Scoring the Santiago Principles as they turn 10
The Santiago Principles have elevated governance in sovereign wealth funds – but not consistently across its membership.
Among the many crisis-related anniversaries that are passing by in October, one should not be forgotten.
On October 11 it will be 10 years since a press conference at the IMF annual meeting in Washington DC unveiled the Santiago Principles, designed to reframe international perceptions of sovereign wealth funds around the world and to elevate them to a greater level of governance.
It is a useful moment to take stock of what they did and didn’t achieve, and what ought to come next. Indeed, the constituents of the Santiago Principles have produced a study themselves evaluating the last 10 years.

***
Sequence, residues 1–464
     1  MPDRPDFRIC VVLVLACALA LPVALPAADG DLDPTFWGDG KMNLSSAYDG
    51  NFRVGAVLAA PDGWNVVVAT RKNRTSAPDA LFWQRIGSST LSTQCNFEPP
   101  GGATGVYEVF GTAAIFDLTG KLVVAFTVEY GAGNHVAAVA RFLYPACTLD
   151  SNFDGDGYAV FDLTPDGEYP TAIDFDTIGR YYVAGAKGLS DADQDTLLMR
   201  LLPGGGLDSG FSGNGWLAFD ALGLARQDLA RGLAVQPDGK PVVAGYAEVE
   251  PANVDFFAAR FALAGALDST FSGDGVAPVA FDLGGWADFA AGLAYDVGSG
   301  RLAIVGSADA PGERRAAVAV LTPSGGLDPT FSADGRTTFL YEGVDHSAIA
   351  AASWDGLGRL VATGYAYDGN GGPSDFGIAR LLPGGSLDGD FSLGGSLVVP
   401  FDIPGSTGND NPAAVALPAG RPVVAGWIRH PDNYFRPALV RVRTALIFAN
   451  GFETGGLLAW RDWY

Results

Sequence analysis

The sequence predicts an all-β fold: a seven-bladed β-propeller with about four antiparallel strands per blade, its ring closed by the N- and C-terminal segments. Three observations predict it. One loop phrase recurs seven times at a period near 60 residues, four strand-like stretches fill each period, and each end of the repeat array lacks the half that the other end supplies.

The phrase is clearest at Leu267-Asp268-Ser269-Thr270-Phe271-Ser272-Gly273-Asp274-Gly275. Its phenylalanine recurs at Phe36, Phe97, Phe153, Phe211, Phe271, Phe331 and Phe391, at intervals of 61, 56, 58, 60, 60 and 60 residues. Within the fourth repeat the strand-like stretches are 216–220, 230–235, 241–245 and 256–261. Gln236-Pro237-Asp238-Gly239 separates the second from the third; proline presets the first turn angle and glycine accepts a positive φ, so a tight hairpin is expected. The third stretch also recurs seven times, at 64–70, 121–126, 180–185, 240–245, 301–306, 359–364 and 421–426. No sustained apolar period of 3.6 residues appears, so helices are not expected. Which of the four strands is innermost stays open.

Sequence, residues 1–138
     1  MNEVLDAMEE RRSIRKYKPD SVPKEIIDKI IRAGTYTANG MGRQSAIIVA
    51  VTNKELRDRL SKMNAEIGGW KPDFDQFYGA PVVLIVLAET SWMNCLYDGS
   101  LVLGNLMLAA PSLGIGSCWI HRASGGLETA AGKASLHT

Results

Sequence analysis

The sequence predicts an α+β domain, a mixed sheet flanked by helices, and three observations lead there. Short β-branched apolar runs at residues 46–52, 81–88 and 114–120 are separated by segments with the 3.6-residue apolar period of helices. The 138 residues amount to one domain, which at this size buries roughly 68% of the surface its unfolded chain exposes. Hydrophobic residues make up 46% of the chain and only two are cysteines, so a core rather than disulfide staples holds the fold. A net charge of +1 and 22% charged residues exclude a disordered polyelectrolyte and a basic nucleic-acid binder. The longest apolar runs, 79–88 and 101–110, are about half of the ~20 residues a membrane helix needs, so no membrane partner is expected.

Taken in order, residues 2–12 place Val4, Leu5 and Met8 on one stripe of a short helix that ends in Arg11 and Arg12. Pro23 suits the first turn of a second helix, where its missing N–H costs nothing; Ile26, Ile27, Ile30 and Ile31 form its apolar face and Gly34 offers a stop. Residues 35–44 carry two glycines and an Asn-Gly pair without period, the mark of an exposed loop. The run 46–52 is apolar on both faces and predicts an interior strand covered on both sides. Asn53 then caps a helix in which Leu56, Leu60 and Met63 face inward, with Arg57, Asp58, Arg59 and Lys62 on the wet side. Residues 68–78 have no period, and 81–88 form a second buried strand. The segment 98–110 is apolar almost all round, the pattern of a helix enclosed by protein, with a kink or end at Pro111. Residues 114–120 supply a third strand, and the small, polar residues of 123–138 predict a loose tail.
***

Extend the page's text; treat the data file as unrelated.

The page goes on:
First the plus side.
It is easy to forget now the scale of suspicion that existed around sovereign wealth through 2007 and early 2008. The oil price was high, foreign exchange reserves were soaring and these little-understood state vehicles were placing more and more of their assets across borders, notably in the US. Who were they and what were their intentions?
The Santiago Principles, which grew originally from US Treasury official Clay Lowery asking Singapore’s GIC and the Abu Dhabi Investment Authority (ADIA) to help draft a combined statement of practices, were initially designed to reassure the world that these vast funds understood their systemic significance and would behave accordingly.